Editorial NECSUS

NECS (European Network for Cinema and Media Studies), one of the key organisations that co-established and continues to support NECSUS, is moving into its 12th year of existence. Founded in Berlin in February 2006, NECS has grown into a large network of media studies academics and researchers in and beyond Europe, many of whom met […]

Cinema, meteorology, and the erotics of weather

by Emil Leth Meilvang The birth of cinema is clouded in myth. Dramatised anecdotes speak of the mythical screening of Louis Lumière’s Le Repas de bébé (1895), this fragment of early film in which a baby is being fed in a windy, sunlit garden. The story goes that the properly captivating aspect of the fragment […]

The uncanny mediality of the photographic GIF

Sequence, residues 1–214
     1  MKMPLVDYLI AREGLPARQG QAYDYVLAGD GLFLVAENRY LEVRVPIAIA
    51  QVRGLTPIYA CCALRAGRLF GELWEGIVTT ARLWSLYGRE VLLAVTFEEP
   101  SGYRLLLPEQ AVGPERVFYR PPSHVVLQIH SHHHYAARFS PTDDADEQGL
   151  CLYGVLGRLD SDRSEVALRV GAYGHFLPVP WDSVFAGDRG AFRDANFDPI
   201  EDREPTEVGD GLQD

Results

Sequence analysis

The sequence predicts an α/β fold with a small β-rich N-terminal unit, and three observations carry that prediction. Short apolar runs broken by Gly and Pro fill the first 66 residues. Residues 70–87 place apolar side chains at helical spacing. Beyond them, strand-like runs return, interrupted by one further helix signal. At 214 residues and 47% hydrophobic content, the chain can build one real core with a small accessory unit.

by Arild Fetveit Up on the mic repeating 2 words, over and over again … These 2 words, a little bit behind the beat. I mean just enough 2 turn u on … So over and over, she said the words till he could take no more … 2 words falling between the drops and […]

Interactive media and imperial subjects: Excavating the cinematic shooting gallery

by Michael Cowan Archaeologies of interactivity If media history has gained anything from the recent archaeological turn, it is perhaps a much-needed scepticism towards ideas of a digital ‘revolution’. Whether examining the ‘Victorian Internet’,[1] fin-de-siècle Skype,[2] the pre-history of mobile phones,[3] or early forms of interactive cinema, the archaeological approach can reveal that modes of […]